Bil’s rating (out of 5): BBBBB.
USA, 2015. HBO Documentary Films, Home Box Office, Loveless. Screenplay by Jacob Bernstein. Cinematography by Bradford Young. Produced by Carly Hugo, Matthew Parker. Music by Joel Goodman. Film Editing by Bob Eisenhardt.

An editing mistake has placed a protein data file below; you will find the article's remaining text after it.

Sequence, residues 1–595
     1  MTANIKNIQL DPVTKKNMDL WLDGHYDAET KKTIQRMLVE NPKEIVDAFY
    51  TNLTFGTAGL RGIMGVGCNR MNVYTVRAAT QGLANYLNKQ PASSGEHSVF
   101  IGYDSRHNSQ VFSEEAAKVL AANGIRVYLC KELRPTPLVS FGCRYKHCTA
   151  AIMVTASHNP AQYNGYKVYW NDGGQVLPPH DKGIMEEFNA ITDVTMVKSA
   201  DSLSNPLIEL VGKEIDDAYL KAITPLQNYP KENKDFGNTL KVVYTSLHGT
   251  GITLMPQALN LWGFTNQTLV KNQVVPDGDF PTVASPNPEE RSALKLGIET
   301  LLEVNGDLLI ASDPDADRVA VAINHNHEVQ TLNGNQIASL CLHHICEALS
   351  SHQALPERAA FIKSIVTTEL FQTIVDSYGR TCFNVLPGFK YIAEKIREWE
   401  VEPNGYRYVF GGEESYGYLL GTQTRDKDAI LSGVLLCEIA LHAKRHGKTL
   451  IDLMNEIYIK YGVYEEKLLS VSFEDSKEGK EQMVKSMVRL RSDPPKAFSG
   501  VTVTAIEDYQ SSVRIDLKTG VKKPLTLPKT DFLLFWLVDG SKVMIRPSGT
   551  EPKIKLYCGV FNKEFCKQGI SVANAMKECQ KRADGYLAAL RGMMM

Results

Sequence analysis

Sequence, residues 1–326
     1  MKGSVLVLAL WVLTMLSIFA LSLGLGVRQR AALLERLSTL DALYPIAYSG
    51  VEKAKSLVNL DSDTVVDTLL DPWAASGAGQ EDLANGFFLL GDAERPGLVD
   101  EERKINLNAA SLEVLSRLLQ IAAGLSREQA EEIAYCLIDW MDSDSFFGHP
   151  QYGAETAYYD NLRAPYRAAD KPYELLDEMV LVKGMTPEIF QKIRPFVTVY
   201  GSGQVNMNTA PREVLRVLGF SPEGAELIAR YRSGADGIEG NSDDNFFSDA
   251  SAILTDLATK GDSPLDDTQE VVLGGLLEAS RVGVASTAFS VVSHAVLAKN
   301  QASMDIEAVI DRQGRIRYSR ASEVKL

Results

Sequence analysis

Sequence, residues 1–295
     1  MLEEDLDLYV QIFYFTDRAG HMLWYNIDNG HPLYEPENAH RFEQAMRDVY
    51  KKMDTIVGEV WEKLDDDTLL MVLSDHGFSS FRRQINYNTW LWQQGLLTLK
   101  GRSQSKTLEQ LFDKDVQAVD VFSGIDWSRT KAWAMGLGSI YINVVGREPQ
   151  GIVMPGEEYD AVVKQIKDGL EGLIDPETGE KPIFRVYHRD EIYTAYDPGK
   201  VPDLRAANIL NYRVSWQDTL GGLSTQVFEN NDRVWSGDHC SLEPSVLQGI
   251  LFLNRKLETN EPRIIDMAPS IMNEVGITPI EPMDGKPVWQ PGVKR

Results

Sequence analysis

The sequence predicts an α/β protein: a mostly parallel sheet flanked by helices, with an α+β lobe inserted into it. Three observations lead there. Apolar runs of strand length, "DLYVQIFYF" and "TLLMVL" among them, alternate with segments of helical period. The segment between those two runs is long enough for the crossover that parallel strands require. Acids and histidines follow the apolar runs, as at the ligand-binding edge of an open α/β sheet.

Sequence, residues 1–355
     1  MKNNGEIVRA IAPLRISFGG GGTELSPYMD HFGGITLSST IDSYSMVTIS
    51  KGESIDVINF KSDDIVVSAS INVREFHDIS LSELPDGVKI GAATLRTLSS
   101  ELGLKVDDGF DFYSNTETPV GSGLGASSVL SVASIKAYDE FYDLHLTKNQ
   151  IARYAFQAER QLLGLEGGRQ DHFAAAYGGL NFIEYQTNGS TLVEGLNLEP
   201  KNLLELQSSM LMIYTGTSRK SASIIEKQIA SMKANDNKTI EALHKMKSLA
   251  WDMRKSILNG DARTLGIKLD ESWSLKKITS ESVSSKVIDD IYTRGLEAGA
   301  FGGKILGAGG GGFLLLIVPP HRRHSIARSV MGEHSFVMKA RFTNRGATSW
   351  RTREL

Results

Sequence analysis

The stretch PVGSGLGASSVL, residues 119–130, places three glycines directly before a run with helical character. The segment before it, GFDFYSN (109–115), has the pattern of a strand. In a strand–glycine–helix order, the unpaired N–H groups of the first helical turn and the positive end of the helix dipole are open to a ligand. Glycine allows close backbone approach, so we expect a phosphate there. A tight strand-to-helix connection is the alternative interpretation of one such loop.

Nora Ephron died in 2012 at the age of 71 of leukemia, and the shocking news of her death was compounded by the revelation that her illness was something she had kept from her family and friends for years. For a woman whose constant use of the titular mantra, one she learned from her mother as an invitation to exploit everything she saw and experienced as fodder for her brilliant essays, books and screenplays, Ephron surprised all including her son Jacob Bernstein (who directs this unabashed valentine to her memory) by deciding that this experience was not one she would share with the world. Bernstein pays a beautiful tribute to his mother’s greatness as wit and writer with testimonials from colleagues, friends and relatives to not only provide a sharp summation of her career but to also look into those corners of her personality that could account for the mystery of her disappearing with so little warning. Sisters Delia, Amy and Hallie are on hand as well as Rob Reiner (who directed Ephron’s script When Harry Met Sally), stars Tom Hanks, Meg Ryan, Rosie O’Donnell (Sleepless In Seattle) and her good friend Meryl Streep (Silkwood, Heartburn), their contributions making clear that when Ephron left this world, she took an era of journalism and literature as well as a feeling about livingwith her. Her funny, insightful writings took joy in the complicated workings of modern urban failings, steeped in a love of language and a wholehearted appreciation for pleasures big and small. She could be ruthless, as many point out, but she was also ruthlessly sincere, truly loved by those she left behind and admired by those whose life she touched with her work. A number of celebrities also appear to read portions of many of her most famous pieces, while a great deal of them are read by Ephron herself from the audio versions of her books, ending with her famous “What I’ll Miss” list that has much deeper meaning in light of what it was, it turns out, predicting. Try and not be a puddle of tears at the end of a film that celebrates the life of a truly great mind.